Students heading to community college this fall may see some new features at their otherwise familiar campuses. Many schools have spent the summer months getting ready for the next academic year adding a wide range of options designed to attract students from all demographics. Check out five new features community college students may discover when they head back to the ivied halls this fall.
 
New Technology
 
As community colleges strive to bring their training in line with 21st century workforce needs, more technology is coming to schools across the country. For example, Diverse Issues in Higher Education reports that Prince George’s Community College has added innovative technology to the school’s state-of-the-art nursing program. The school invested $43 million into a new Center for Health Studies in an effort to accommodate a growing population of STEM (science, technology, engineering, mathematics) students at the school.
 
Simulated mannequins are now used inside the center to teach nursing students the finer points of diagnosis and patient care. The nursing lab also boasts transparent mirrors where professors can observe students during diagnosis trials. Updated equipment, including sonography and surgical tools, are similar to those used at nearby hospital facilities in the Prince George area.
 
“Since nursing and health fields in general are among the fastest growing jobs, we really wanted this building to help make room for more health science students,” Angela Anderson, dean of the division of Health Sciences at Prince George’s Community College, told Diverse Issues in Higher Education.
 
More Classes
 
Other community colleges across . . . read more

Community colleges have traditionally been considered the go-to place for two-year vocational degrees or general college coursework for students that have plans to transfer to a four-year college or university. However, these institutions of higher education are increasing their program offerings to include a smattering of four-year degree options as well. Although not without their share of opposition, the four-year degree is slowly but surely becoming more common at the community college level. Check out these states and schools delving into the frontier of the four-year degree program.
 
Chattanooga State Considers Addition of Five Four-Year Programs
 
A community college in Tennessee is looking at adding five new programs to their current catalog selections. The Chattanoogan reports that Chattanooga State Community College is considering the addition of four-year degree programs in a variety of high-tech fields. The president of the college, Dr. Jim Cantanzaro, applied for approval of the programs last summer, and is still waiting for a response from Tennessee Board of Regents.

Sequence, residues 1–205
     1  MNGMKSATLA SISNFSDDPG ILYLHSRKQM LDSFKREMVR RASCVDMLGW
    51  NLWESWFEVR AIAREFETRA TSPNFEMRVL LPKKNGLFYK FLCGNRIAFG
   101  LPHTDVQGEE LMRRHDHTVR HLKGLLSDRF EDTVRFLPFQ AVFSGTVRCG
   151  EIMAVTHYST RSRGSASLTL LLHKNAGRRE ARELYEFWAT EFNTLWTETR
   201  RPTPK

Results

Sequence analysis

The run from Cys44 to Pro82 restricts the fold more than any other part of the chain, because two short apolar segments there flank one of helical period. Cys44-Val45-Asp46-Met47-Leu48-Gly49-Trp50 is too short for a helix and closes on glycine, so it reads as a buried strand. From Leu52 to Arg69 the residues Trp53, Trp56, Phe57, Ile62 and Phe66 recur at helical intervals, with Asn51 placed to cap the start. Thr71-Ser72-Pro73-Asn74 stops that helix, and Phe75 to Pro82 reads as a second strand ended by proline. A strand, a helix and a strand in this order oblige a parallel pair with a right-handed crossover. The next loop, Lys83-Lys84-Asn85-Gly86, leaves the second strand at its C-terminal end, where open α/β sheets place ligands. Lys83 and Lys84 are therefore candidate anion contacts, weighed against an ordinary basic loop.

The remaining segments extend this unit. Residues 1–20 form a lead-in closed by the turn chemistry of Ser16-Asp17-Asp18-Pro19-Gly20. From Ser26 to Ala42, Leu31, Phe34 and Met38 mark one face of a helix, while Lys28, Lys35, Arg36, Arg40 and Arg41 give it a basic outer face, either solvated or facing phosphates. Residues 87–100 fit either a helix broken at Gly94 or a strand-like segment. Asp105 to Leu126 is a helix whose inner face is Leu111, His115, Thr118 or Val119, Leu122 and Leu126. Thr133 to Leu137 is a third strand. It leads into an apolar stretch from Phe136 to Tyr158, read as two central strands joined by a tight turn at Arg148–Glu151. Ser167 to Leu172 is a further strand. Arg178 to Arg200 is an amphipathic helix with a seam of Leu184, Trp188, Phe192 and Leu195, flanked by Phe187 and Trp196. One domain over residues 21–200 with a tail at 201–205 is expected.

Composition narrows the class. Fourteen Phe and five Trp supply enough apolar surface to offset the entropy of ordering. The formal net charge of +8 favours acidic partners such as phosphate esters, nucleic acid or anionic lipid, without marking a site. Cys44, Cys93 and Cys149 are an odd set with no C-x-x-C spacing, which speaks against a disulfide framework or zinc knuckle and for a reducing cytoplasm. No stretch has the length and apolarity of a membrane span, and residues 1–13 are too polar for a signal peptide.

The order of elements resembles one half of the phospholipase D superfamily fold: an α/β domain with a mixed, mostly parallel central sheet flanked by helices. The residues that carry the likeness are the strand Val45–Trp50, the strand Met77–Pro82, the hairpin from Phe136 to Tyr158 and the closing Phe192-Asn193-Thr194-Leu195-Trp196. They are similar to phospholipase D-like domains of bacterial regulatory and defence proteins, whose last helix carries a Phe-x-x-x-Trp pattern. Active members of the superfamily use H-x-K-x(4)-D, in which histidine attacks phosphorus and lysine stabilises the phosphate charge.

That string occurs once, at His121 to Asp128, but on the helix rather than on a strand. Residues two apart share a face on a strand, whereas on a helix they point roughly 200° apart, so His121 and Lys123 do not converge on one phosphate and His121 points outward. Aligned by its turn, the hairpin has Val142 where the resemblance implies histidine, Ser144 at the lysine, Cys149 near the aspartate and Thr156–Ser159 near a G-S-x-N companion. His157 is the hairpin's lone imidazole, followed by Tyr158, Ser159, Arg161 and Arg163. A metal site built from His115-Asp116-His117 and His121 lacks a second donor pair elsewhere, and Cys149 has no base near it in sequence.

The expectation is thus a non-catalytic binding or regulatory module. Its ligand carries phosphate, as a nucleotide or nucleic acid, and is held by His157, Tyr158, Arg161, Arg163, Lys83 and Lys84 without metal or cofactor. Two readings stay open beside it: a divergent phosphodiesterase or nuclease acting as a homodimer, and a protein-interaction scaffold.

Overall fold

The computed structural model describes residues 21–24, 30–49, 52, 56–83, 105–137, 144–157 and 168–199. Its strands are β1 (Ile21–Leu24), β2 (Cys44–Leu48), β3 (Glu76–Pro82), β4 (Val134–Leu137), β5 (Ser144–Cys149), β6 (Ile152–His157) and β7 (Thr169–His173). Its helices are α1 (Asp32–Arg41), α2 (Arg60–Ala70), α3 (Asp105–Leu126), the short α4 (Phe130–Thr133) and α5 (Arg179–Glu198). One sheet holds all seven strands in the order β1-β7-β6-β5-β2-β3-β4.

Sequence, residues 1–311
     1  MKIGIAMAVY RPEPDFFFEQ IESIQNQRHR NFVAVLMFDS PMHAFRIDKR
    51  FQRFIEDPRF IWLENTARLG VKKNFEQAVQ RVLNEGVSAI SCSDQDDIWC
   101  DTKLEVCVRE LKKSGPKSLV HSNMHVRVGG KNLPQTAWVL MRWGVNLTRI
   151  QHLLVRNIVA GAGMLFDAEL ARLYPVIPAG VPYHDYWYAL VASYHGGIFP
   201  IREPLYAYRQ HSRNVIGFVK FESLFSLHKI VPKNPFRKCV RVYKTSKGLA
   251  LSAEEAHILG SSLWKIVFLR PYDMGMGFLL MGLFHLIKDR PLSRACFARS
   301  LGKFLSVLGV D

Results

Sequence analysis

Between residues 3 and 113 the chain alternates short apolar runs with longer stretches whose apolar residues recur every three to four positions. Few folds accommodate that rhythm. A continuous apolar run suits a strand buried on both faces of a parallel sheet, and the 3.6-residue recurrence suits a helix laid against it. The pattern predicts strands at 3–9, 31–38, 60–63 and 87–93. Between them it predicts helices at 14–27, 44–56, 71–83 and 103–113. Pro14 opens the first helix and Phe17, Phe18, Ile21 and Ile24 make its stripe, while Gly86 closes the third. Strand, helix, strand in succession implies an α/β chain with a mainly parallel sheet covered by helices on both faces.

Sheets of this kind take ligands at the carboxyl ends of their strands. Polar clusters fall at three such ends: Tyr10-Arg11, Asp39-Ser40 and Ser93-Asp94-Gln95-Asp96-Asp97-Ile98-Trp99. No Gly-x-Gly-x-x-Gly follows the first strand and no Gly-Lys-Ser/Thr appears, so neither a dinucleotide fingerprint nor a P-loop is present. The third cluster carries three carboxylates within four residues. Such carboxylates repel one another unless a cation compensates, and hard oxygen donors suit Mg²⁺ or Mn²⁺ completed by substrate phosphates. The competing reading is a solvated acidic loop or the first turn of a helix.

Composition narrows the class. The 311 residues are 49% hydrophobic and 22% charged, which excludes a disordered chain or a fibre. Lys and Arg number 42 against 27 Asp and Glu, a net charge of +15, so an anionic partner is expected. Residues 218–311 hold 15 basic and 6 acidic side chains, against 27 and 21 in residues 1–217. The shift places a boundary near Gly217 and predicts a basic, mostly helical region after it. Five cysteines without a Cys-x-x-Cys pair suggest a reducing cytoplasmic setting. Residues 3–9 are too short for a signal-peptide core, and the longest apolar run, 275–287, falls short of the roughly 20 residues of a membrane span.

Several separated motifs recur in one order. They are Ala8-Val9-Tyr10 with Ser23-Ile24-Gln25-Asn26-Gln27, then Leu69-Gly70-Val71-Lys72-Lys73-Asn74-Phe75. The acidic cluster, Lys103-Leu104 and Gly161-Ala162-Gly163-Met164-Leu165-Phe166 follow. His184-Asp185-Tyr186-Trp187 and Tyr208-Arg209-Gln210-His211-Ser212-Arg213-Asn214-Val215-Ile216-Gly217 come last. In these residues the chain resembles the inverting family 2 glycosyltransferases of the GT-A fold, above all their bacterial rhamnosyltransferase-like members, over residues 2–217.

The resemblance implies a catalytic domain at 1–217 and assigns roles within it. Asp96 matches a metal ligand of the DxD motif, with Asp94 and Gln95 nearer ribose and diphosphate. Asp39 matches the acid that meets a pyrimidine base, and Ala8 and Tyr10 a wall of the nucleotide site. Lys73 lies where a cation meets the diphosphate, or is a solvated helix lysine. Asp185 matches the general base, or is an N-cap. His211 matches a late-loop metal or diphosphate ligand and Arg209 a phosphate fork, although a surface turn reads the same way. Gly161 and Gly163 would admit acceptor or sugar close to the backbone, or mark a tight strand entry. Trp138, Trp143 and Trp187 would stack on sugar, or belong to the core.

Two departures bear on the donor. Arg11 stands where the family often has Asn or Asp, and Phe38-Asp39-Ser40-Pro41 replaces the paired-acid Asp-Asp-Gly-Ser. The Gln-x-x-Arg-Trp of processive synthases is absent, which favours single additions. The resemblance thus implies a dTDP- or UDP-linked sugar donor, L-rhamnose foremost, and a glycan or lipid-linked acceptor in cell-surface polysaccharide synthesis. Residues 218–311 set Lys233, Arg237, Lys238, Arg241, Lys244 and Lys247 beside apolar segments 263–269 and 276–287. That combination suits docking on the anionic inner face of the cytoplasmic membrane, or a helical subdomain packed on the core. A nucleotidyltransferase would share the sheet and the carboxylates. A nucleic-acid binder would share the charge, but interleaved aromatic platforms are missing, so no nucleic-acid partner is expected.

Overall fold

The community college would like to add four-year degree programs in chemical process engineering, radiological sciences, nuclear engineering, technology management, and mechatronics engineering. The programs were specifically chosen based on the local employment needs of the current workforce. Dr. Cantanzaro made it clear the goal of the program addition was to fulfill those professional needs and not to transform Chattanooga State in a full-fledged four-year school.
 
Dr. Cantanzaro also explained that 60 percent of the material in the new degree programs would be “applied,” meaning the . . . read more
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Why Community College

Getting Started

What is a community college and why are more students turning to them? Who are some of the most famous community college graduates? Here you’ll find the answers to these questions and more.

Trends and Current Issues

Get information on the latest trends and issues affecting community colleges today. Explore the impact of community colleges on the global economy, get information on how community colleges have changed over the years, and see how the latest technologies are being employed on campus.

Student Populations

Attracting students from all walks of like, community college campuses are rich with diversity. This section covers a myriad of issues relating to student populations. Learn more about LGBT support on community college campuses, explore adult-friendly degree programmers and, see what resources are available to veterans.

Enrollment & Admissions

We provide a comprehensive look into some of the most important issues affecting enrollment and admissions. Get the latest news on declining enrollment across the country and the impact it has. Learn more about the latest trends in admissions requirements from vaccinations to placement tests. Find expert advice on what to expect your first year, and lean more about the pitfalls to avoid.

Degrees

Community colleges have been expanding course and degree offerings. This section provides information on your options, from GED to a bachelor’s degree. Learn how you can benefit from a professional certification, find out which community colleges are offering bachelor’s degrees, and identify the top degree-producing colleges.